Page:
Over this year and next, we're going to take this chassis up to the astonishing speed of 1,000+mph. With the above problems, should I be worried, at least a little bit? No, exactly the opposite.
Prototype engineering is full of these small challenges; that's part of what makes Bloodhound so interesting.
The important thing is that we are finding them, and doing everything we can to understand and fix them.
This gives me more confidence, not less, in the finished product.
I'd be a lot more worried if we thought we didn't have any problems at all!
As well as test-fitting the dummy airbrake doors, we've been working with Parker to install the hydraulic systems that will power the airbrakes.
Each airbrake door will experience about five tonnes of load at speeds of up to 800mph. The doors will need forcing out into the supersonic airflow, using huge hydraulic rams. However, to get the best performance, we will deploy the doors at a very specific rate, aiming to maintain the g force on Bloodhound at just under 3g. While this may not sound a lot, it equates to slowing down by 60mph every second.
Next time you're driving at 60mph, have a think about stopping completely in one second. That's 3g - and that's what the airbrakes are trying to achieve.
The other challenge for Parker and the systems team is that the airbrakes have to work even if things go wrong.
If Bloodhound has a hydraulic failure, the airbrakes still need to deploy to stop the car. If Bloodhound has electrical or computer failures, the airbrakes still need to deploy to stop the car.
To achieve all this, Parker have supplied us with lightweight carbon fibre accumulators, which "store" pressurised hydraulic fluid.
In simple terms, the airbrakes are always trying to deploy, and it's only the control systems that stop them - they should always fail to the "open" position.
Given that stopping Bloodhound is an essential part of every run, this makes perfect sense. Have a look at our new "Airbrake System" video on Cisco BHTV to see how it works.
As ever, there is a huge amount of work going on to get the car ready to run this summer.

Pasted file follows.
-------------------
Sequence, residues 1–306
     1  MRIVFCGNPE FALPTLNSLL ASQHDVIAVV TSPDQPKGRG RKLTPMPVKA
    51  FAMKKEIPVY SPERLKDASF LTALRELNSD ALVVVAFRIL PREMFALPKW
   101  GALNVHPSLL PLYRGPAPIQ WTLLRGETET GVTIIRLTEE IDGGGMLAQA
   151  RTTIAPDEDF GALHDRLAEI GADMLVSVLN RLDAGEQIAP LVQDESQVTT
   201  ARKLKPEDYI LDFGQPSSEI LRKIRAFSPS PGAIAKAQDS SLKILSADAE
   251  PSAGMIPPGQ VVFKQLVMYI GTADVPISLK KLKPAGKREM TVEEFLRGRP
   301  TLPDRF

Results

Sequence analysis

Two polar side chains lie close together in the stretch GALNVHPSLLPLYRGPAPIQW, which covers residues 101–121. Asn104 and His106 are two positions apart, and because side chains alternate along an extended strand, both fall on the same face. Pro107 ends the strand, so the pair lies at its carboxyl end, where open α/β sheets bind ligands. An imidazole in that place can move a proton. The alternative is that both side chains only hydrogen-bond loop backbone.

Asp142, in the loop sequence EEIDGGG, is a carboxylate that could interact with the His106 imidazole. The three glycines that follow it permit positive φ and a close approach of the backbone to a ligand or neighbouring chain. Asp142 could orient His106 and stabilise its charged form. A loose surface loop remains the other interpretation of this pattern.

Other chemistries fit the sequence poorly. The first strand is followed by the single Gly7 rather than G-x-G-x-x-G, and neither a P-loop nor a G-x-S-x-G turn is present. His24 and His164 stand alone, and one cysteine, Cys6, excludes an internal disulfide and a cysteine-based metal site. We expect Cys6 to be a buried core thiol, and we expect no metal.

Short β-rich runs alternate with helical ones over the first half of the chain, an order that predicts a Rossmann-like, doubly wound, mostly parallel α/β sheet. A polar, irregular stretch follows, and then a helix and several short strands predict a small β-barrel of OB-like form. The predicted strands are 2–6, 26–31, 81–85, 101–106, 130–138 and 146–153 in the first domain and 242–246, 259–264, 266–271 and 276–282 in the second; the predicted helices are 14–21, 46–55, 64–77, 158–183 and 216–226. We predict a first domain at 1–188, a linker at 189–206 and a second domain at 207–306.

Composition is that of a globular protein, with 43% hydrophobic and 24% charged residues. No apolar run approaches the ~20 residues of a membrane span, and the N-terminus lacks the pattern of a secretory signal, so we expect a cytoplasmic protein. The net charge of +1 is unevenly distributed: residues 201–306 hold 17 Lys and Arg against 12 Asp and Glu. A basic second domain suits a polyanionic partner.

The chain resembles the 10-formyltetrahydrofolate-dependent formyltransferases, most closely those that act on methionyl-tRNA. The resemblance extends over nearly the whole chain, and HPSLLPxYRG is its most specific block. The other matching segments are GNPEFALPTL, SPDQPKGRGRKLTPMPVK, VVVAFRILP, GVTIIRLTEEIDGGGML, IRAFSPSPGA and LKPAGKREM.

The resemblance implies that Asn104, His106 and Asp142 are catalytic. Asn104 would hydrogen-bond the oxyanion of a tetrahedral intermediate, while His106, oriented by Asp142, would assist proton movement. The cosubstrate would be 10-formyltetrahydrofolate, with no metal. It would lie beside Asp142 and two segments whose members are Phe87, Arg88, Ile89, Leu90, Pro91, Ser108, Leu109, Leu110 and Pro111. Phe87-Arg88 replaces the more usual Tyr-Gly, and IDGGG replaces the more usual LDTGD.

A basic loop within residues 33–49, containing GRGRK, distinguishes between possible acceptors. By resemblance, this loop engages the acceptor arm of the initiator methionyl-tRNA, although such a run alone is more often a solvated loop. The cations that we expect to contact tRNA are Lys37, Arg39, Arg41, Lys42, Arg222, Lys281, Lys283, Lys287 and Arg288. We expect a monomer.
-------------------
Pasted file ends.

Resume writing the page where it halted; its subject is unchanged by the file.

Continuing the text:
The rocket pump is now in final assembly before being shipped to Nammo in Norway next month for some high-power testing, using the 550hp Jaguar V8 engine to drive the rocket pump system.
We're just waiting for a pack of specialist seals to arrive from the US and we'll be ready to go.
The aerodynamics of the car are still being tweaked.
We fixed the external shape of the car some time ago, but details like the "winglets" above the front and rear wheels are still being refined.
If the aerodynamic computer predictions are exactly right, then the winglets will have almost nothing to do.
However, in the real world, computer models are rarely that precise, so we may need to trim out some "small" (one or two tonne) aerodynamic loads.
Even if the computer predictions are accurate, we still don't know exactly how the car will handle as it accelerates, so we may want to change the aero balance to improve Bloodhound's stability.
This is what the winglets are for
For this year, the winglet sizes will be 0.3 sq m (rear) and 0.15 sq m (front).
As a comparison, 0.3 sq m is about the same area as 5 sheets of A4 paper.
The difference in size front to rear reflects the complexity of the car's shape - the more complex shapes at the rear (including the fin, rear wheels and suspension) give us a greater possible range of loads.
And talking of the fin, have you put your name on Bloodhound's fin yet? Time's running out; we'll be running the car soon!